The Group meets late in the afternoon on the 3rd Thursday of each month except December and January. (click here for meeting details) At these meetings, wide-ranging topics are discussed in an informal, friendly atmosphere. People attending include men who have undergone various treatments for prostate cancer, and many partners.  They are willing to discuss their experiences and offer support during the diagnostic, treatment and rehabilitation phases.

At each meeting a specialist guest speaker gives a talk on a topic related to prostate cancer. Most speakers are leading health professionals - medical practitioners, specialists, therapists, nurses etc.

Information from these meetings complements the personal attention that a prostate cancer patient receives from his own health professionals. At the beginning of each meeting, the Group offers some coffee, tea and modest finger-food, providing a relaxed informal opportunity to network with people who can share information about their experiences. Further, the Group’s trained volunteer leaders have wide-ranging networks and are well-equipped to source extra information on request. Please just “turn up” at any meeting. All (including partners/carers) are always welcome.

Awareness of prostate cancer

In Australia, about 20,000 men are diagnosed with prostate cancer every year and about 3,300 will die from it. Prostate cancer usually has no symptoms. On reaching age 40, men should talk to their GP about PSA monitoring (Prostate Specific Antigen) and the DRE (Digital Rectal Examination). These two simple tests increase the chance of detecting prostate cancer early, thereby maximising the prospect of completely effective treatment.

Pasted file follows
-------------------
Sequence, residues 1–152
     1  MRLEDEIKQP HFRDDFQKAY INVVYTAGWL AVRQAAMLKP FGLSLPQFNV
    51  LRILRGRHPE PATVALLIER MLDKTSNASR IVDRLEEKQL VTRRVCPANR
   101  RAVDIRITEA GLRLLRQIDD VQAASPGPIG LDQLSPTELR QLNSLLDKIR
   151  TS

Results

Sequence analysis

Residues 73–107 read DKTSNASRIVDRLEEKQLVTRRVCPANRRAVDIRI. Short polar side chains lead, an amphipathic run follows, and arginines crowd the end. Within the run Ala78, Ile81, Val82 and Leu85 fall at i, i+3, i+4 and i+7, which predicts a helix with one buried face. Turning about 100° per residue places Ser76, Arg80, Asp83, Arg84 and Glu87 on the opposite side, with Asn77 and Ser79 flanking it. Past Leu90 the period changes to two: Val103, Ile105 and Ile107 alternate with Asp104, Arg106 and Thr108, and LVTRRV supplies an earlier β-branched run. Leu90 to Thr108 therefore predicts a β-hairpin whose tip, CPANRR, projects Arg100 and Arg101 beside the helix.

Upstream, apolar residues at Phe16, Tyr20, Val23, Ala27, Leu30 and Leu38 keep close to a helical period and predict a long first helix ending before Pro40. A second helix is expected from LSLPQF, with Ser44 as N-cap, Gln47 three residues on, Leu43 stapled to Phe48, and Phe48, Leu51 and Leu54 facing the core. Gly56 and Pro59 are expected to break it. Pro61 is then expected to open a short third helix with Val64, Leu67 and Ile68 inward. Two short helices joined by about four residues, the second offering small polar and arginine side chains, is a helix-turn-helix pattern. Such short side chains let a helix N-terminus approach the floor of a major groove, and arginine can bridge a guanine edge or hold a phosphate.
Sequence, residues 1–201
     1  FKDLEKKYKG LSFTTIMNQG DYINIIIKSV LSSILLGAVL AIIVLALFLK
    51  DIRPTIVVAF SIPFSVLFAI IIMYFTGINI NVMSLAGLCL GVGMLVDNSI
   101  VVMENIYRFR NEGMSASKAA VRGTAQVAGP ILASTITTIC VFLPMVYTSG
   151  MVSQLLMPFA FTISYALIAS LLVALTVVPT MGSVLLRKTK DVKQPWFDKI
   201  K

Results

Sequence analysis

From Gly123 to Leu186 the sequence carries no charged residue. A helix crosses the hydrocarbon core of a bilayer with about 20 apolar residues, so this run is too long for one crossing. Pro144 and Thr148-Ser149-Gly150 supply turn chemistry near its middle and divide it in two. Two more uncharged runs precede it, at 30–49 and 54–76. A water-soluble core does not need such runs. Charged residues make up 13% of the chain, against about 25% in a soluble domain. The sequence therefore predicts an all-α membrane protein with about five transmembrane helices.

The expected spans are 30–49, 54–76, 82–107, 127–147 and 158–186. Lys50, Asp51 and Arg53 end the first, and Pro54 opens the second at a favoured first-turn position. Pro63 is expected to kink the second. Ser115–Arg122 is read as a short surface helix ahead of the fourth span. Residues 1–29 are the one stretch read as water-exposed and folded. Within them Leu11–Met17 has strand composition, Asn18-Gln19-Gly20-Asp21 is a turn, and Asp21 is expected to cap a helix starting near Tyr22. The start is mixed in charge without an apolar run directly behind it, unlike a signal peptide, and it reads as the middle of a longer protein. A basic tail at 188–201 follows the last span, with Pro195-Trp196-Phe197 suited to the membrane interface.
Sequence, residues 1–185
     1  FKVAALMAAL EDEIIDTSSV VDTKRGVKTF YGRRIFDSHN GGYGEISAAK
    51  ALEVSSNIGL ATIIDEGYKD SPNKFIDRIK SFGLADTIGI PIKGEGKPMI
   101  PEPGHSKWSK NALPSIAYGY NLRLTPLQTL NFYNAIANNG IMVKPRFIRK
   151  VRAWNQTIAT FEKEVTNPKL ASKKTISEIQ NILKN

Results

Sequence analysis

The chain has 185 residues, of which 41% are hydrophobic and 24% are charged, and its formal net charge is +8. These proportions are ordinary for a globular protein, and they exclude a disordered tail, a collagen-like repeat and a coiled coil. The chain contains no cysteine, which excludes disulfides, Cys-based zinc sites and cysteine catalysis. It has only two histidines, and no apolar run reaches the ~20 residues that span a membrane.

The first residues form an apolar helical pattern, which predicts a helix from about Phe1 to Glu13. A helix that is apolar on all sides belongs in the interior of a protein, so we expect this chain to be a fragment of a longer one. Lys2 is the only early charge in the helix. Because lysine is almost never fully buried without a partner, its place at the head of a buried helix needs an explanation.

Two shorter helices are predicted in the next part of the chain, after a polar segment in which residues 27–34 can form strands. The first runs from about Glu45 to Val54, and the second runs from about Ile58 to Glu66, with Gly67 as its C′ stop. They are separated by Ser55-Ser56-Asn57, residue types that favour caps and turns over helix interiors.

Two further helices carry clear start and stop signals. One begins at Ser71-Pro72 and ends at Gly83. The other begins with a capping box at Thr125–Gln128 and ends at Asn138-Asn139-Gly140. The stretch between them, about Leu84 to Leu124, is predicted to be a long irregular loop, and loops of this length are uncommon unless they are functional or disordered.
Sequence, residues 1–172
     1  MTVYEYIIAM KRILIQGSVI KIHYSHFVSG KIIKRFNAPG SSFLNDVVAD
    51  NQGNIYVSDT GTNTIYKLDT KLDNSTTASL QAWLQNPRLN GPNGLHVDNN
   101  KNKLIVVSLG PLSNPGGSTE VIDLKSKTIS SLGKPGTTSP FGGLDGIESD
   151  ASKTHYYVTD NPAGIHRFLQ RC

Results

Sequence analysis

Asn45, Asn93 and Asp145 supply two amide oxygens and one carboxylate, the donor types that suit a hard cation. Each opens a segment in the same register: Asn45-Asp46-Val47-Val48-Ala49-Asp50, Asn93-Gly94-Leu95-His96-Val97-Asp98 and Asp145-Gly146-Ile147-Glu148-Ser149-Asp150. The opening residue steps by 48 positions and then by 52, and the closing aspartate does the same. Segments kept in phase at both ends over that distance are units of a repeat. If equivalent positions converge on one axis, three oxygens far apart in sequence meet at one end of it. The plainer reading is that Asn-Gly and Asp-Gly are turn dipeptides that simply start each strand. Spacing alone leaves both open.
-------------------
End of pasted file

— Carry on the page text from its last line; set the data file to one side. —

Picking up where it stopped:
The Group seeks opportunities to promote awareness of prostate cancer, its diagnosis and treatment.

Information sources

While a man’s GP and specialist urologist should be his primary sources of information about prostate cancer, there are many supplementary sources about its diagnosis, treatment and after-treatment care. These include publications in print and audio-visual format, and there are many organisations, service agencies and friendly associations that provide information, services and support.

Caution: Some “sources” in popular public arenas can include information that is little more than rumour, wishful thinking or “quackery”, so we need discernment to know what is soundly-based information. The Group’s trained volunteer leaders can assist in pointing to reliable sources. The Group maintains a small library of selected publications that people can borrow.

Contact us

If you would like more information about the Group, please contact one of our trained volunteer leaders by e-mail or phone (click here for leaders’ contact details) or simply come along to one of our regular monthly meetings (click here for meeting details) .

General Site Disclaimer

This web site provides information about the diagnosis and treatment of prostate cancer, and refers to various types and sources of information. The Group's trained volunteer leaders make genuine and ongoing efforts to ensure the accuracy and usefulness of this information, including its conclusions and recommendations. However, some information (such as may appear in popular electronic media) is often changed by its producers without the changes coming to the attention of the Group’s leaders. Further, the leaders do not have the medical credentials appropriate for a professional medical evaluation.
The Group’s trained volunteer leaders appreciate that individual cases of prostate cancer vary considerably, so no single treatment option can be claimed as “the best” for all cases. Recommendations presented for some cases of prostate cancer may not be applicable to others. While the information on this site should be of interest, it is essential that a man obtains individual professional advice from his own GP, specialists and other health professionals.